Ringholz & Roberson at Altamira; J.H. Art Auction Highlights

Out West, a two-woman show featuring new works by Mary Roberson and Amy Ringholz, opens at Altamira Fine Art on Thursday, July 21. A reception will be held at the gallery from 5-8 pm, and the exhibition will be on display July 18-31, 2011.

Ringholz rocketed to success. Her bold, mosaic-like paintings of wildlife caught the public’s eye quickly, and she sells like hotcakes. Ringholz is firmly part of a small group of artists credited with establishing new Western Contemporary art genres.  It’s an impressive group and includes the likes of Bill Schenck and John Nieto; as well as the early master painters of the West and Southwest. There is no mistaking Ringholz’s swirling big-love painting style. I’d be remiss to not point out Ringholz’s new black and white paintings, a departure from her use of full, saturated colors. These new paintings recall the elegance of Japanese calligraphy.

Mary Roberson’s fluid and mystical paintings belie the artist’s great drafting talents. Roberson believes creativity is “natural and distinct to every individual,” and she avoided over-exposure to formal teaching. Despite the weight and tone of Roberson’s colors her paintings seem visionary. Great beasts of the earth float towards us, then recede. Her works possess a temporal wisdom, and one might imagine Roberson as a chosen recipient of messages sent from animal spirits. She passes these messages on to us, reminding us of the power of wildlife, of the essential inner knowledge of animals and the lessons they may bring us.


Trailside Galleries and the Gerald Peters Gallery will present the 5th Annual Jackson Hole Art Auction on Saturday, September 17, 2011 at the Jackson Hole Center for the Arts. The Auction has released information on several lots likely to spur active bidding battles.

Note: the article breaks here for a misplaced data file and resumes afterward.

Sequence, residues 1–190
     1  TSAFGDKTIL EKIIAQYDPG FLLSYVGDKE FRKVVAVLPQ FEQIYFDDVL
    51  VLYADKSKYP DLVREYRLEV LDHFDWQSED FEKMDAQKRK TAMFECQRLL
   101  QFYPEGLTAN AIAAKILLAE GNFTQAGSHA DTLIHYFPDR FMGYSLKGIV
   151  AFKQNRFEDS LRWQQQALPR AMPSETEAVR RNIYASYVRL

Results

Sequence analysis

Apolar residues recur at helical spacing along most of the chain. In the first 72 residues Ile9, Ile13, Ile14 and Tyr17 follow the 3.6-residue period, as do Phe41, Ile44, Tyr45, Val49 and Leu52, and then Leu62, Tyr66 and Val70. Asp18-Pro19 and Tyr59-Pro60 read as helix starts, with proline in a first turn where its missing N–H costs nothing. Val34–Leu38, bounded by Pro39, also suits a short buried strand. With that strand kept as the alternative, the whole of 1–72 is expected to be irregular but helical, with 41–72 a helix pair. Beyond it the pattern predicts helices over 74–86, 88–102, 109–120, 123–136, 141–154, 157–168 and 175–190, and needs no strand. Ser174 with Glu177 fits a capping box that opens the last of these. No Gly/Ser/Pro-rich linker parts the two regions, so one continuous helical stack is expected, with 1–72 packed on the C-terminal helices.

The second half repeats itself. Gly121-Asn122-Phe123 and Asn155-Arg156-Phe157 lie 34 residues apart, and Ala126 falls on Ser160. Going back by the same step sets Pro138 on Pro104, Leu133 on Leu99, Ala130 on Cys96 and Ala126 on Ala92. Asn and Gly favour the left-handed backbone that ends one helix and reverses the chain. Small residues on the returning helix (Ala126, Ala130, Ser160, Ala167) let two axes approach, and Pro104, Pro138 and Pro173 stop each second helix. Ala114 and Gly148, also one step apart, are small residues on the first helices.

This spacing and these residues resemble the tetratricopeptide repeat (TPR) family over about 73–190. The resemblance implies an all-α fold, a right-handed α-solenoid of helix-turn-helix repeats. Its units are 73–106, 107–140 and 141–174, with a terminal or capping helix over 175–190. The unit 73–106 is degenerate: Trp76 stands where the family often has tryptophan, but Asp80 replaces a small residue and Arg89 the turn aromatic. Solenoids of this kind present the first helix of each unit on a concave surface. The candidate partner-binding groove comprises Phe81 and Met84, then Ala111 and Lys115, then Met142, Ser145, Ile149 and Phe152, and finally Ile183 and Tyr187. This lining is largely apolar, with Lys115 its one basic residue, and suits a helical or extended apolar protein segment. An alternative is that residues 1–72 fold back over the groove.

John Clymer’s Marie Dorian-Winter Refuge, a 40 x30 inch oil, lists an estimate of $200,000-$300,000.

Bob Kuhn’s Leopard in a Sausage Tree, a 24 x 36 inch acrylic, estimates at $150,000-$250,000.

Maynard Dixon’s Cowpuncher, a 30 x 25 inch oil, has an estimate of $400,000-$600,000.

Frederic Remington’s Bronco Buster (no.16), bronze, is estimated to sell between $400,000-$600,000.

Olaf C. Seltzer’s Charles Russell on Horseback, 12 x 8 inch watercolor, estimates at $25,000-$35,000.

G. Harvey’s Pigeon’s Corner, a 50 x 40 inch oil, is estimated at $150,000-$250,000.

Many more exciting lots will be announced; the Auction’s catalog will be available in August, 2011.  This auction consistently breaks its own records for attendance and bidder registration and is fast becoming one of the most important great masters Western art auctions.

For more information, contact Auction Coordinator Lucy P. Grogan. Phone: 866 JH WY ART (549-9278).   www.jacksonholeartauction.com